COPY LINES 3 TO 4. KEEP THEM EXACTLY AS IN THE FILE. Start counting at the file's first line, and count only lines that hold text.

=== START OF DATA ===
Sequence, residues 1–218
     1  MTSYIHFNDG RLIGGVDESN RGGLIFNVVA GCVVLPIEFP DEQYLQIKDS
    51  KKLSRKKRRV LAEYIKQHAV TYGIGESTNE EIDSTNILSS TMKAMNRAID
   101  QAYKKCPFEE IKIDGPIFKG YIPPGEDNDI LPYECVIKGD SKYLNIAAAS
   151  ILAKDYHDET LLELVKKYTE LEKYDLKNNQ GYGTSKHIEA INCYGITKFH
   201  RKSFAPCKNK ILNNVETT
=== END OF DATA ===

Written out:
    51  KKLSRKKRRV LAEYIKQHAV TYGIGESTNE EIDSTNILSS TMKAMNRAID
   101  QAYKKCPFEE IKIDGPIFKG YIPPGEDNDI LPYECVIKGD SKYLNIAAAS